COLUMBUS, Ohio — North Dakota doesn’t need to spend much time going over video on its opponent in today’s NCAA hockey final.
They already know the defending champion Denver Pioneers. Almost too well.
The teams — both members of the Western Collegiate Hockey Association — have met three times this season, with the Pioneers winning all three.
Naturally, the Fighting Sioux don’t believe the past counts for much.
“It’s just how you perform in that one game that determines who wins the championship,” defenseman Matt Greene said. “It’s not past events.”
That’s particularly true if North Dakota is a different team from the one that was swept at home by the Pioneers in February by identical 4-2 scores, and then lost 2-1 in overtime in the semifinals of the WCHA tournament March 18.
“They’ve done a terrific job keeping the ship in the right direction,” Denver coach George Gwozdecky said.
So even though the Fighting Sioux finished a distant fifth in the regular-season conference standings behind co-champion Denver, the 58th NCAA final remains a one-night, winner-take-all event.
North Dakota, which has won seven national championships, beat rival Minnesota 4-2 in the semifinals on Thursday night. Denver, with six national championships, defeated Colorado College 6-2.
“North Dakota was a different team, even from when we played them three weeks ago,” Denver defenseman Matt Latsch said. “They’re a heck of a hockey team right now. They’re playing physical, they’re playing to all their strengths and we’re going to have to play a very good game to compete.”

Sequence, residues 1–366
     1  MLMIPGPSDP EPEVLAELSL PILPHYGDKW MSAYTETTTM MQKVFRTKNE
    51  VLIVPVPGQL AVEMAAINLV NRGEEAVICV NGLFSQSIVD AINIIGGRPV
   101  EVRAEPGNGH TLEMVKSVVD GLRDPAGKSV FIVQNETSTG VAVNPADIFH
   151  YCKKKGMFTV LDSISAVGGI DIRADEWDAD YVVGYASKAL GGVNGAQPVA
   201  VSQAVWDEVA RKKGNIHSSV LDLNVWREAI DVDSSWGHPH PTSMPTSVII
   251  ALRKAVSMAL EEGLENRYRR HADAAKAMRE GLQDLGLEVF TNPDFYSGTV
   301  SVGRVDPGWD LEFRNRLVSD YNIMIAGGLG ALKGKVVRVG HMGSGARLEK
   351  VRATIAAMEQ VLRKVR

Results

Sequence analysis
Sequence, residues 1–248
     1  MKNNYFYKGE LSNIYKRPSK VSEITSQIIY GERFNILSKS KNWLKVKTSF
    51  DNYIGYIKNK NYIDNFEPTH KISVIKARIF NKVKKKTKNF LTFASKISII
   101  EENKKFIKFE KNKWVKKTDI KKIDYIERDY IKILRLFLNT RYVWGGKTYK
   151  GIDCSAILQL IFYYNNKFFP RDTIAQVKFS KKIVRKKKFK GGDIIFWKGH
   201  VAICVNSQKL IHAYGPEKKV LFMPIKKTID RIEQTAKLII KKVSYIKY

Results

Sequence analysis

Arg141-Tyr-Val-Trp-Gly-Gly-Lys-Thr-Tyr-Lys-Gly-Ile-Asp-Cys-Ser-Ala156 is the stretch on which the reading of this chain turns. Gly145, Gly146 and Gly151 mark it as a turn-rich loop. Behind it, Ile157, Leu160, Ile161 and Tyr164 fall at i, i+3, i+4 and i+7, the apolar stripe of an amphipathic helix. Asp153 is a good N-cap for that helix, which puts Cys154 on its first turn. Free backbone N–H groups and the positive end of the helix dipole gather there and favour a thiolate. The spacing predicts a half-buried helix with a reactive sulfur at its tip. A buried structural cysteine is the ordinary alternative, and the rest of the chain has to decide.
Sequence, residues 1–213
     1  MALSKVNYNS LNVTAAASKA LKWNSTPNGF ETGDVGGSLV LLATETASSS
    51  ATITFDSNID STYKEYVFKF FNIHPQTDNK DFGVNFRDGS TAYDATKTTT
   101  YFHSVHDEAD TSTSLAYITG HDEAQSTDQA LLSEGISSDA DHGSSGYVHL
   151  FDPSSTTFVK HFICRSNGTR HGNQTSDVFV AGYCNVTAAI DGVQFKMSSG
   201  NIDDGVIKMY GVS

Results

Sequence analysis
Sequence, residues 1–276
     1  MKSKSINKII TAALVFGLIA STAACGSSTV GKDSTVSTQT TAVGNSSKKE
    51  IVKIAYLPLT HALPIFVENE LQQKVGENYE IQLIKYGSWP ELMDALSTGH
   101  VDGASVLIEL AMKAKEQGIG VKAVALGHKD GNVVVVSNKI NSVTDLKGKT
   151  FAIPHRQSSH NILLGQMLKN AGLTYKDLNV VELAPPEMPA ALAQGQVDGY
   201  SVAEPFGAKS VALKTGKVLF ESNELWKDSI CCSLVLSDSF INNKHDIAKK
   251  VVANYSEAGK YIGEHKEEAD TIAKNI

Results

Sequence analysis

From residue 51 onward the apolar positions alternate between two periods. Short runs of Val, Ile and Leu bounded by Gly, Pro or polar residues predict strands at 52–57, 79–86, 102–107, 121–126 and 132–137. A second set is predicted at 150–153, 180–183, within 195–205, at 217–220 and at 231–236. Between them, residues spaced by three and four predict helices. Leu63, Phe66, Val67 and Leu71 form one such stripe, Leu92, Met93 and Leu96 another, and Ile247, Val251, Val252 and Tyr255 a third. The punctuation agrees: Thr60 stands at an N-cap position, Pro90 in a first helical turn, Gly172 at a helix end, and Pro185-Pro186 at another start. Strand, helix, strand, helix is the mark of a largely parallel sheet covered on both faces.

If North Dakota (25-14-5) wins the title, it would match the most losses ever for a champion (Wisconsin, 1981).
The Fighting Sioux were a mediocre 14-10-3 after losing that home sweep to the Pioneers. But their lowest point came two weeks later. With most of the team healthy and playing at its peak, they won at Alaska-Anchorage 6-3 on Friday night. Twenty-four hours later, they blew a third-period lead in a 5-2 setback, then had to mull the possibility of a lost season on the interminable flight home.
“You had a lot of time to think about the game,” Greene said. “That was definitely the lowest point.”
A good week of practice — and the feeling that they couldn’t afford another loss or else they would lose their tenuous grip on an NCAA berth — turned things around. Players started getting healthy and the momentum began building. Since that lengthy return flight, North Dakota is 9-1-2, with the only loss to Denver.
In that game, North Dakota defenseman Robbie Bina was checked into the boards from behind by Geoff Paukovich. Bina was immobilized and taken to a hospital. Three days later, he had one shattered vertebra removed and two others fused. Two days after that, he was on hand to wish his teammates well as they left for the NCAA East Regional in Worcester, Mass.
Both sides say Bina’s injury — he might be able to return next fall — has no bearing on the game. Yet it adds some flavor. The teams respect each other, but are far from fond of each other.
“It was just one of those things that happened,” North Dakota goaltender Jordan Parise said. “The only bad blood that’s there is just they beat us — they beat us three times — and we have to come out with a flawless performance in order to take this game from them.”
Denver is a retooled version of the team that beat Maine a year ago in the final. Only four schools have won titles back-to-back — and the Pioneers have already done it twice (1960-61, 1968-69).
Many of last year’s stars are back — leading scorer Gabe Gauthier and seniors Jeff Drummond, Laatsch and Luke Fulghum.
Add sterling freshmen Peter Mannino, who will start in goal, and forward Paul Stastny, the son of Hall of Famer Peter Stastny, and the Pioneers have turned into an explosive, confident bunch.